The Department of Justice announced Friday that it will recognize the same-sex marriages that were legalized in Utah since the Dec. 20 ruling that overturned the state's ban on same-sex marriage. The National Organization for Marriage has called the federal government's decision "outrageous," saying it signals the Obama administration has no regard "for the Constitution and the rule of law."
"It is outrageous that the Justice Department would move so brazenly and publicly to undermine Utah's standing constitutional provision regulating marriage as the union of one man and one woman," said Brian Brown, NOM's president.
U.S. Attorney General Eric Holder said in a videotaped message released Friday that the same-sex marriages will be recognized for federal purposes. "These families should not be asked to endure uncertainty regarding their status as the litigation unfolds," Holder said.
"In the days ahead, we will continue to coordinate across the federal government to ensure the timely provision of every federal benefit to which Utah couples and couples throughout the country are entitled – regardless of whether they in same-sex or opposite-sex marriages," he added. The Department of State's decision is in accordance with the June Supreme Court ruling that struck down part of the Defense of Marriage Act, thus awarding federal benefits to same-sex couples.
Holder clarified that the federal government will recognize the Utah marriages while the state continues with the appeals process in the Denver-based 10th U.S. Circuit Court of Appeals. "In the meantime, I am confirming today that, for purposes of federal law, these marriages will be recognized as lawful and considered eligible for all relevant federal benefits on the same terms as other same-sex marriages."
Utah was thrown into a frenzy of litigation on Dec. 20 when, in a surprise ruling, District Judge Robert J. Shelby determined that the state's 2004 ban against same-sex marriage was unconstitutional.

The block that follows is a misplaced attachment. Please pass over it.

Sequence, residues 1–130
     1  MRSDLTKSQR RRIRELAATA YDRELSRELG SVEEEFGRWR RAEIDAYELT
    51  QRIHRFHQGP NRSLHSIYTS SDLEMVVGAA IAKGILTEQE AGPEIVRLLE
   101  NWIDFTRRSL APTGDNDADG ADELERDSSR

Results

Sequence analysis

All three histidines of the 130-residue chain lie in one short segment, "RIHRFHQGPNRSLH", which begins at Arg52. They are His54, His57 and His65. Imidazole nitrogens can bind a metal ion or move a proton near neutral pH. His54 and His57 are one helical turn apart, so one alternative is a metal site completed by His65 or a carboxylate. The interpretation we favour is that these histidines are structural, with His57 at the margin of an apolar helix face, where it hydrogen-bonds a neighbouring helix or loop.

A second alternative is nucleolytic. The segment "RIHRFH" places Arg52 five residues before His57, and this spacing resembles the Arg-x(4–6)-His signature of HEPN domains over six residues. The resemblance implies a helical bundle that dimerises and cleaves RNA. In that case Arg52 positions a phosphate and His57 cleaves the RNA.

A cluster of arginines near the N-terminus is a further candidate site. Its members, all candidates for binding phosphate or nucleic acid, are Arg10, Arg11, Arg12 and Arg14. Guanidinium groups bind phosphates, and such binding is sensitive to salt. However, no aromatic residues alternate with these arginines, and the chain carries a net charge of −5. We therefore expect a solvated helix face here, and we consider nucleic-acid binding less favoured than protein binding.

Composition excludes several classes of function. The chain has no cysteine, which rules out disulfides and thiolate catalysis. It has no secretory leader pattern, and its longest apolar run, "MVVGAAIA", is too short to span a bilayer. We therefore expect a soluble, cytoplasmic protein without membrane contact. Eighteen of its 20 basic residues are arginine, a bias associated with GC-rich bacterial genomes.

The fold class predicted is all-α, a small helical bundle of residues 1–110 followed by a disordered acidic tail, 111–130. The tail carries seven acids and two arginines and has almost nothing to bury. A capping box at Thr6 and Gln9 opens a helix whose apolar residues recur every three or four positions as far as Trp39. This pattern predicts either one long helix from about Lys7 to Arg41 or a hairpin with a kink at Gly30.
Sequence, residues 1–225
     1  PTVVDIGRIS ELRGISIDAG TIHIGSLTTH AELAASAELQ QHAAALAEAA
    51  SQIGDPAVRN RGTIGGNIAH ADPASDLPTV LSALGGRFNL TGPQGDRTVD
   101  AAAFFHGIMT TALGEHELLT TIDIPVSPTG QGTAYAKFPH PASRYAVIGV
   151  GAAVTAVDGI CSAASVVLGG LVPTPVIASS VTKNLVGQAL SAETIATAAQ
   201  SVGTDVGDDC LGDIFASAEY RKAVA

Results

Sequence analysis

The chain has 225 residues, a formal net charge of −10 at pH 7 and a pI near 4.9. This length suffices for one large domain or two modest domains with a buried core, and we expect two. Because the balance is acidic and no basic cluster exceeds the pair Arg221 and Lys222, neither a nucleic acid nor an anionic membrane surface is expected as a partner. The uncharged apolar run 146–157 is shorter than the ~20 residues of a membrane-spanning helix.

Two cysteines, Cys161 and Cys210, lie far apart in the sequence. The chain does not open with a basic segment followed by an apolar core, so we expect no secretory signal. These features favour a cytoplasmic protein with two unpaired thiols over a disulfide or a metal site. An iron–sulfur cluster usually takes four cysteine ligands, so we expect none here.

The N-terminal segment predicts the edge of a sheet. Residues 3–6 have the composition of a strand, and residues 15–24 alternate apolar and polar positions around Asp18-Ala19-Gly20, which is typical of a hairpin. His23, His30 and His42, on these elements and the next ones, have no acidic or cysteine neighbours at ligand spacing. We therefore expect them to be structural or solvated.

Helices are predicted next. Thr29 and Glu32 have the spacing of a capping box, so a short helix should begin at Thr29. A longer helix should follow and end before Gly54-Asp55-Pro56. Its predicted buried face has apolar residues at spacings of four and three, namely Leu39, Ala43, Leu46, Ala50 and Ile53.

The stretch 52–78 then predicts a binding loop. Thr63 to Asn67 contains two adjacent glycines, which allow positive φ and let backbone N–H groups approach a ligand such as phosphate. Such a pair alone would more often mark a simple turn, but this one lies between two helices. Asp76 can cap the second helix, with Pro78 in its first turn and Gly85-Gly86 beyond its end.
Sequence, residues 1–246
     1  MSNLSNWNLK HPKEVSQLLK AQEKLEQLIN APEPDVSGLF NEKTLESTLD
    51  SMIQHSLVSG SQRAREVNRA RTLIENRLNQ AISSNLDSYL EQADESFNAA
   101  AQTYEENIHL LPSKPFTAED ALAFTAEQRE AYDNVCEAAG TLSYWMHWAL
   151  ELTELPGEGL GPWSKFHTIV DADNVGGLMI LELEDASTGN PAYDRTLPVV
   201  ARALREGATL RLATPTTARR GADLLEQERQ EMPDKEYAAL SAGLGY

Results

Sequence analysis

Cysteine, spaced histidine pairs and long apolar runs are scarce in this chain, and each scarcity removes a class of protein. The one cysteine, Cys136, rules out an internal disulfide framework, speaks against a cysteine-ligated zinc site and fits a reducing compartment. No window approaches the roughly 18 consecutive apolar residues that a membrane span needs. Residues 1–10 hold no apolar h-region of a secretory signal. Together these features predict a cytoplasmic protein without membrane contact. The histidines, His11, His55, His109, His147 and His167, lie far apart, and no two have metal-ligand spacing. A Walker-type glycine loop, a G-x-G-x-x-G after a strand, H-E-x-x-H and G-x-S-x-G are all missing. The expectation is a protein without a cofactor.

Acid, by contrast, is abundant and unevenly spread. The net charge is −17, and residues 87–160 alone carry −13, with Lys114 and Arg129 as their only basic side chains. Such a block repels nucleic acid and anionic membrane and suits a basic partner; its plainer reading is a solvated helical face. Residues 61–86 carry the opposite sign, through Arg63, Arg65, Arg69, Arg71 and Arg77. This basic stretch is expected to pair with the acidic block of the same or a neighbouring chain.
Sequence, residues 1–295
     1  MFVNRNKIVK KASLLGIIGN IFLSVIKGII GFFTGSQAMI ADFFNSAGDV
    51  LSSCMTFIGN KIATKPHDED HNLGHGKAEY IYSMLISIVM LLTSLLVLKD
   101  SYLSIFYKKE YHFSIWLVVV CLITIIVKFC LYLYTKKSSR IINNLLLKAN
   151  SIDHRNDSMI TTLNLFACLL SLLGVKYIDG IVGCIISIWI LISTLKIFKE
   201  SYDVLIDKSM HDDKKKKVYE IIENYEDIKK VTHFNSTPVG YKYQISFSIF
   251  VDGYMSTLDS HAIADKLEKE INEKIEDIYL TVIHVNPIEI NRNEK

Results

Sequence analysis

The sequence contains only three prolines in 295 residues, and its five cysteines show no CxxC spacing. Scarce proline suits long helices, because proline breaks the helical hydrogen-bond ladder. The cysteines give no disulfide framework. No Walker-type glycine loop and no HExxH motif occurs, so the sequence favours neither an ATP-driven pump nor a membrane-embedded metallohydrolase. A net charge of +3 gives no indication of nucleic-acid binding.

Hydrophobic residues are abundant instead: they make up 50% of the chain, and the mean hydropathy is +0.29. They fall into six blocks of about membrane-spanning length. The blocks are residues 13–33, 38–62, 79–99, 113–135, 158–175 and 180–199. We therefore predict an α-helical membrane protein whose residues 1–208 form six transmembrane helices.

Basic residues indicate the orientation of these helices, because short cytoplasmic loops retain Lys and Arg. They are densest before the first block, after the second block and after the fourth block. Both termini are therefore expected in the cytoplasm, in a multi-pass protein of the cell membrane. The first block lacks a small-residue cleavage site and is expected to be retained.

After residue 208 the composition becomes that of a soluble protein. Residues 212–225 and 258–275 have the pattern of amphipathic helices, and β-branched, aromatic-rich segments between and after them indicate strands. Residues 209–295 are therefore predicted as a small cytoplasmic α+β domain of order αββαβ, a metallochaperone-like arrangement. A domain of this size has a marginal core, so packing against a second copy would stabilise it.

Immediately following his ruling, hundreds of same-sex couples in the state flocked to their local county clerk to receive marriage licenses. Meanwhile, the state frantically requested a hold on same-sex marriage while it appeals Shelby's ruling. Ultimately, on Monday, the U.S. Supreme Court granted Utah a hold on distributing same-sex marriage licenses while the state's appeals process makes its way through courts.
The fate of the 1,300 same-sex couples who did marry from Dec. 20 to Jan. 6 remained in limbo following Monday's Supreme Court order.
On Wednesday, Utah Governor Gary Herbert's office announced that the state would not recognize the same-sex marriages that had been legalized in the past few weeks.
"… state recognition of same-sex marital status is on hold until further notice," Derek Miller, the governor's chief of staff, wrote in a statement.
"Please understand this position is not intended to comment on the legal status of those same-sex marriages – that is for the courts to decide," he continued. "The intent of this communication is to direct state agency compliance with current laws that prohibit the state from recognizing same-sex marriages."
Gov. Herbert's announcement prompted the Human Rights Campaign, the nation's largest gay rights group, to request the federal government to recognize the state's same-sex marriages. "… there is simply no reason for the United States government not to extend federal recognition to these more than 1,300 couples," Human Rights Campaign President Chad Griffin said in a letter to Attorney General Holder.
The group wrote a separate letter addressed to the attorneys general of the 17 states where same-sex unions are legal to also recognize Utah's same-sex marriages.
Following Holder's announcement, the HRC released a statement thanking him for complying with their request. "Attorney General Eric Holder has once again shown the kind of leadership that earns you a spot in the history books. This is only the beginning of this fight, and this work continues until marriage equality returns to Utah for good, and full equality reaches every American in all 50 states."
The National Organization for Marriage, a group opposing same-sex marriage, opposed Holder's move in a statement Friday.
"It is the right of states to determine marriage, and the voters and legislature of Utah have done just that. Their right to do so is encoded in the U.S. Constitution, and was explicitly upheld by the Supreme Court this summer in the Windsor decision. But with this move, the Department of Justice under this Administration signals that it simply has no regard for the Constitution and the rule of law."
Utah's appeal against Shelby's ruling will now make its way through Denver's 10th U.S. Circuit Court of Appeals, and oral arguments could be heard as early as March. A ruling could affect all states within the federal court's jurisdiction, including Colorado, Kansas, New Mexico, Oklahoma, Utah and Wyoming.